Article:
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EU ups its tropical forest-related aid

Europe
Conservation
Forests
Development
tropical forest

Ben Kucinski under a Creative Commons Licence

On the face of it, this is good news, says Saskia Ozinga – but only if local communities have a say in how the money is spent. 

With the chill of austerity still biting across Europe in the wake of 2008’s economic crash, arguments around overseas aid have become increasingly shrill. Demands for it to be cut and for the money to be spent on domestic public services have grown louder.

Against this backdrop of narrowing horizons and growing insularity, it’s surprising then to discover that European Overseas Development Assistance (ODA) on tropical forests has actually risen over the past few years.

For those fighting to protect the world’s dwindling tropical forests and the rights of the people who survive off them, a new study commissioned by Fern reveals European forest-related aid has increased more than three-fold in 10 years: from $140 million in  2002, to $532 million in 2012.

Whatever the arguments on overseas aid – which, while improving the lives of the world’s poorest sometimes also promotes the dubious interests of the donor countries – the case for forest-related aid has never been greater. So – on the face of it – more money for tropical forests is all too rare good news.

Stopping tropical deforestation is crucial in the fight against climate change as well as in ensuring the survival of the millions who depend on forests for their livelihoods. And the latter are facing a new and unprecedented threat.

Forests are increasingly being destroyed not for timber, but to make way for commercial agriculture to satisfy the apparently unquenchable demand for products such as palm oil, soy and beef in the Global North. The consequence is that people’s tenure rights are eroding and their access to vital natural resources vanishing.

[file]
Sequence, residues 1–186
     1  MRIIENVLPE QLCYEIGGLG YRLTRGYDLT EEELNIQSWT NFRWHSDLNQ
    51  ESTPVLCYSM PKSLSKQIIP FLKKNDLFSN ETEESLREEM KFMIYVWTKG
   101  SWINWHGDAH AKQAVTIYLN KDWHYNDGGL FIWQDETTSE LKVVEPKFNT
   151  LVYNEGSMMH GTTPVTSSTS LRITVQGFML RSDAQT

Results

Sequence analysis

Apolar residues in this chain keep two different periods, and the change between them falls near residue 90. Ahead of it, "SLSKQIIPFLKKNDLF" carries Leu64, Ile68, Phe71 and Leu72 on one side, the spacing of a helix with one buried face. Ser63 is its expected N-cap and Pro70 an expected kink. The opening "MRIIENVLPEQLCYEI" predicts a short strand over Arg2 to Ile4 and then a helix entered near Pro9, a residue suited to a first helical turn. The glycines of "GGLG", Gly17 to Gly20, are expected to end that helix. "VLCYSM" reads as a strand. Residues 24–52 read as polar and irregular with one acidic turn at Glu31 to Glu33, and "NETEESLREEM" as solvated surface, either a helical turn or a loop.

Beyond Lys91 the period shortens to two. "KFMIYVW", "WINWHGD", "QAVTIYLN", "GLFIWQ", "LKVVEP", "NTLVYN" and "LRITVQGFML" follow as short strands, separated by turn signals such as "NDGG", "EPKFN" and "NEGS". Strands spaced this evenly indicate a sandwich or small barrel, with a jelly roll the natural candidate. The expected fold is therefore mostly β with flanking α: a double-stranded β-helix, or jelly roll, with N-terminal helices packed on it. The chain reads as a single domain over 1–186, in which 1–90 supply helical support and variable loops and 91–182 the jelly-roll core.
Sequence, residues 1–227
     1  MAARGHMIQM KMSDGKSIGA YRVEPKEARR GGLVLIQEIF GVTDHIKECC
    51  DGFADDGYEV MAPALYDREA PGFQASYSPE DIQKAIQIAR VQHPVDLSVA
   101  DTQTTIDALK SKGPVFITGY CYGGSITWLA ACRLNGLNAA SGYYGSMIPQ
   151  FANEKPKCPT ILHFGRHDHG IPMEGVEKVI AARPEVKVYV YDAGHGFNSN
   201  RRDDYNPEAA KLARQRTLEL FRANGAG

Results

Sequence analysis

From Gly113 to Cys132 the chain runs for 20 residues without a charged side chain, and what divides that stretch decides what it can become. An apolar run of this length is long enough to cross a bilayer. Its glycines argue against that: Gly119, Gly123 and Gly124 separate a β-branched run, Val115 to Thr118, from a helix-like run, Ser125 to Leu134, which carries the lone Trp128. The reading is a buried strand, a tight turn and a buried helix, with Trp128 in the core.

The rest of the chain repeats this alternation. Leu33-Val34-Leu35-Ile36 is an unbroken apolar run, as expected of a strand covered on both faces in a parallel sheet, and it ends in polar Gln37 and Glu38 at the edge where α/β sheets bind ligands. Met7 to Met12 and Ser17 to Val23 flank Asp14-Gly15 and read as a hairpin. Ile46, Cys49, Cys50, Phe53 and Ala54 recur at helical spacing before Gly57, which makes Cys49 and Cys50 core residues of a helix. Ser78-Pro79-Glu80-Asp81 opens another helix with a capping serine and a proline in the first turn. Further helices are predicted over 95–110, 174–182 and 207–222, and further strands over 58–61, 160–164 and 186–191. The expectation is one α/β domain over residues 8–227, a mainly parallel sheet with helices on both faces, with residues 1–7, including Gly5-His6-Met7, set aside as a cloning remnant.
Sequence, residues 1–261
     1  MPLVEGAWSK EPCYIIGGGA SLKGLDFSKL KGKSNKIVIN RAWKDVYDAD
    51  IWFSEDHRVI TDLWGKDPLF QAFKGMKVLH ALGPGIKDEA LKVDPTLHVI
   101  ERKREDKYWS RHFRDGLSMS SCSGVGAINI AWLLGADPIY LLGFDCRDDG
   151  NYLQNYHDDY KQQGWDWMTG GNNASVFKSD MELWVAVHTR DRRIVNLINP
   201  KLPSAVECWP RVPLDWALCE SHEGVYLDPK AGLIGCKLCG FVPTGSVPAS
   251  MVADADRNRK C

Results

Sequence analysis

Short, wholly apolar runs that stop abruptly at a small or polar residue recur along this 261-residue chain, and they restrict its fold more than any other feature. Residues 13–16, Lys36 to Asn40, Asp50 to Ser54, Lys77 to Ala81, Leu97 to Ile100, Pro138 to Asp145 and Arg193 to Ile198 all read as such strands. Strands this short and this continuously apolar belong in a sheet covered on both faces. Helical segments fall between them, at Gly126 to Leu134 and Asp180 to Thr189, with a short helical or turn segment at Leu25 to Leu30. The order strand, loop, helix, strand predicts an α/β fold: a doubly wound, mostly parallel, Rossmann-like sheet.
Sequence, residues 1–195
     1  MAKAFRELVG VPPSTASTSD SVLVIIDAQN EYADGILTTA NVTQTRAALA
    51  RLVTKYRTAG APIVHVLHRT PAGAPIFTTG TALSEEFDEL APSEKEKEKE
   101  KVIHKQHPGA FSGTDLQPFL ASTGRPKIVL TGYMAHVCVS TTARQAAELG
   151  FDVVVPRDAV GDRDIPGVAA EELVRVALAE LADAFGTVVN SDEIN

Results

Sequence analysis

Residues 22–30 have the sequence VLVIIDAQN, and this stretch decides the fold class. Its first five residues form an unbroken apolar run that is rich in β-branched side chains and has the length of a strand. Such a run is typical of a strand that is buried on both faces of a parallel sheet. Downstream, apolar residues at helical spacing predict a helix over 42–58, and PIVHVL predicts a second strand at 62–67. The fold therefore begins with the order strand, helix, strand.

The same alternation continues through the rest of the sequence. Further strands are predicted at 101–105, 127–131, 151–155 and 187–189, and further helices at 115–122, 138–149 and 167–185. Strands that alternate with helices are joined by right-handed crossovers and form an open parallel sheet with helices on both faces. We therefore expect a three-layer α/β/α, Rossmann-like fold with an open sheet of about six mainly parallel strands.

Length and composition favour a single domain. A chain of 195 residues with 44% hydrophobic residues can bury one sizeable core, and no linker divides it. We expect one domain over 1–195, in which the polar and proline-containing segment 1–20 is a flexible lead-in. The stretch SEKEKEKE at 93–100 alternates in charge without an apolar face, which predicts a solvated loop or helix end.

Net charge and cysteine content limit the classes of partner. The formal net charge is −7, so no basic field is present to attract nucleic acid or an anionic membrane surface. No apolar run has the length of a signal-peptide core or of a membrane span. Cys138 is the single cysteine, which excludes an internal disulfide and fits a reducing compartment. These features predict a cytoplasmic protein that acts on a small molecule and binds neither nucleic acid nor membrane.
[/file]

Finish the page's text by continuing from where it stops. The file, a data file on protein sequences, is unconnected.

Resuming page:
The evidence shows that the solution – and the best way to protect tropical forests – is for the people living in them to have a say in how they are run.

The reason is straightforward: ‘Communities with rights to resources conserve those resources,’ says Professor David Bray, who has spent a lifetime working in the field. ‘Communities without rights have no reason to conserve.’

So the best use of this extra European money on tropical forests would be to spend it on programmes which strengthen community rights and land tenure laws. But the research from Fern shows that it rarely does – and that the impact that should come with the increased aid is being seriously undermined by three factors.  

First, although the EU’s flagship forest policy, the Forest Law Enforcement, Governance and Trade (FLEGT) Action Plan, puts forest people’s rights at its heart, we found that at the same time as European countries have been increasing spending on tropical forests, they have also been cutting staff with specialist knowledge and expertise in forest management and land tenure. Instead, forest programmes are being designed and monitored by generalist embassy staff.  

Second, a substantial part of European forest-related aid is passing through multilateral organizations such as the World Bank – which have been criticized for their failure properly to involve the people most directly affected by forest destruction in their work.

The World Bank, which is the largest recipient of European ODA, is currently reviewing the conditions on which it gives aid – but, worryingly, a report leaked last year showed that it was planning to weaken its existing environmental and social protection policies with new ‘light touch’ regulations. These would mean that major projects, such as palm-oil plantations, could go ahead without indigenous peoples being properly consulted.

Finally, there is the harsh paradox that much of the European aid on forests is being channelled through institutions which are also financing forest destruction.

Development Finance Institutions (DFIs) provide loans for private-sector investment in the developing world, and while they have been distributing money to save tropical forests, they have also been financing agricultural projects involved in land grabs and deforestation.

The upshot of these incoherent policies is that a lot of good money is going after bad. 

Saskia Ozinga is Campaign Co-ordinator of the social and environmental justice NGO FERN, which she co-founded in 1995, and which monitors the European Union’s involvement in forests. She is also the facilitator of the Forest Movement Europe (FME), a grouping of 45 NGOs from across Europe working on forest issues. She has authored or co-authored numerous books and reports on topics including forest policy, illegal timber and community rights.

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